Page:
Off the Mountain, Back to Life
October 11, 2016
Wednesday, October 12
What an incredible experience Machu Picchu was this summer! My hike to celebrate my journey of 10 years, LIVING with multiple myeloma. The sights, the people, the relationships and the connections I found to into the myeloma community have been amazing. The hike has impacted me as a patient, finding a new community of others who are passionate, are caring, and are committed to the cure through the MMRF. The grace, determination and the efforts of this group amaze me as I learn more about the programs, the research, the fundraising and the people.
Since I returned back from Peru over a month ago, I have learned that I am back in “Prime Time” in fighting my disease as the next step in my journey. The biggest part of me is influenced with gratitude for LIVING with disease these past 10 years. And the intriguing part for me now, as I take new aim at my personal fight, is how much has changed on the landscape of treatments, drugs and therapies. And while I hate the part of beginning a new battle ground, I am empowered with knowledge, and choices and research that are making a difference, today, for me. In this fight against Multiple Myeloma. And for that I am grateful.
I attended a MMRF Patient Summit in Chicago in September not only to share my story, but to connect with professionals, doctors and researchers who have the latest and most up to date knowledge about this disease, that currently has no cure. I connected with others who chatted with me, made recommendations and shared their insight. I found terrific resources available through the MMRF for me discussing treatment options, therapies, drugs, and clinical trials, new drugs on the market and current information.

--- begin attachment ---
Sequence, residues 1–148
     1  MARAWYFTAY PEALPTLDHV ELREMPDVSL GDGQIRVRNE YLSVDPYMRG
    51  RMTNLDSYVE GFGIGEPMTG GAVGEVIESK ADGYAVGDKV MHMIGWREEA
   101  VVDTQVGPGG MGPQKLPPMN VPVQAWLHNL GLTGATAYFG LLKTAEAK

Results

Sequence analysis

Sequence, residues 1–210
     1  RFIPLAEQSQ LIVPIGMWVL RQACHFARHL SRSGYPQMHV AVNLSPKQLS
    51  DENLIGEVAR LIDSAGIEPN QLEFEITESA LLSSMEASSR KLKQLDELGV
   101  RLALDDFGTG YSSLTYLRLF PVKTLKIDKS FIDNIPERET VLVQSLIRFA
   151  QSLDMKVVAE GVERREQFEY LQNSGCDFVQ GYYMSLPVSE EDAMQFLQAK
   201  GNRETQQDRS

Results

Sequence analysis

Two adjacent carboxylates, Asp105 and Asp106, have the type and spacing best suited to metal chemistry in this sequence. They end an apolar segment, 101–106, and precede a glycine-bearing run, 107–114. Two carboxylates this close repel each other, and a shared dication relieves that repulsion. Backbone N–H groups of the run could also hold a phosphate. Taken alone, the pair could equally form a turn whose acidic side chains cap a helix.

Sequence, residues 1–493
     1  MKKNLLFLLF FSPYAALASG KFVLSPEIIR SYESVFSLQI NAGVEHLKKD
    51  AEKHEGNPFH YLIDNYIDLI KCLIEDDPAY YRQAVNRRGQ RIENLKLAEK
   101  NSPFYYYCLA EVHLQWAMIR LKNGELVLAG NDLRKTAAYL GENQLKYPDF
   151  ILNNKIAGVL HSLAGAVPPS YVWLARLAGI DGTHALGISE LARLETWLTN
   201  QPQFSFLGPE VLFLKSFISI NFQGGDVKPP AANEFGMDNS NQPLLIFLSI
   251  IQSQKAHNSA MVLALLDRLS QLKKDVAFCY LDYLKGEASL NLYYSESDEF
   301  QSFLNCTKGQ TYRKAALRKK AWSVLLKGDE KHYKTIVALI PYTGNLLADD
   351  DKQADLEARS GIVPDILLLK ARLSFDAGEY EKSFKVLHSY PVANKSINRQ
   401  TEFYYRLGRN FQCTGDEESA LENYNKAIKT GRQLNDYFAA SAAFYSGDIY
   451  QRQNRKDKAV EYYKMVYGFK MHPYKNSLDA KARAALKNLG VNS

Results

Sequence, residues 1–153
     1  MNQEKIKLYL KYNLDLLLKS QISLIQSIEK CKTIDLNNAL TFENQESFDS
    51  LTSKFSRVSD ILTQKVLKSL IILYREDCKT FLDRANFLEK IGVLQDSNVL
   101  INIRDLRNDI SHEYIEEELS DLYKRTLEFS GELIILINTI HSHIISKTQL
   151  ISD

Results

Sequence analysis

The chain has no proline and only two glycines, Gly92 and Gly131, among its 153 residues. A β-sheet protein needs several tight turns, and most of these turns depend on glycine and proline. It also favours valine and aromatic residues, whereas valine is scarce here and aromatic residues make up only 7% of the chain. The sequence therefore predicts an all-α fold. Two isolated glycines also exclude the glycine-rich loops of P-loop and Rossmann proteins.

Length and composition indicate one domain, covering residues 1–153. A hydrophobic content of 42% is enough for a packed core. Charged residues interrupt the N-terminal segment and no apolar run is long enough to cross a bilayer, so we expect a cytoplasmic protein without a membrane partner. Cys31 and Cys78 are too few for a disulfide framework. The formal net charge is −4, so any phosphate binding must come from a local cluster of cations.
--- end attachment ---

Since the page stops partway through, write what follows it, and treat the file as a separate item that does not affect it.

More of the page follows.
All of this has allowed me to gain valuable knowledge to be my own advocate, asking questions to know which treatments might fit my disease and lifestyle best. All of this, because of a 10 year celebration living with disease, because of a personal Victory Lap, because of a Mountain to Climb in Peru. Because of people who care deeply about finding a cure.
When I was diagnosed at the age of 42 years old with MM, the average life expectancy for people like me was five to seven years. A game changer for me. Since then, I am living PROOF, that RESEARCH is the game changer in this disease. Partnerships like that of MMRF, Takeda Oncology, CURE Magazine and others make a difference for people like me. Having cancer allows me to live my life with intention, to not let the little things in life derail me (most days) from what’s important. Because, I know with me, I want to LIVE my life with cancer, not have cancer and live my life.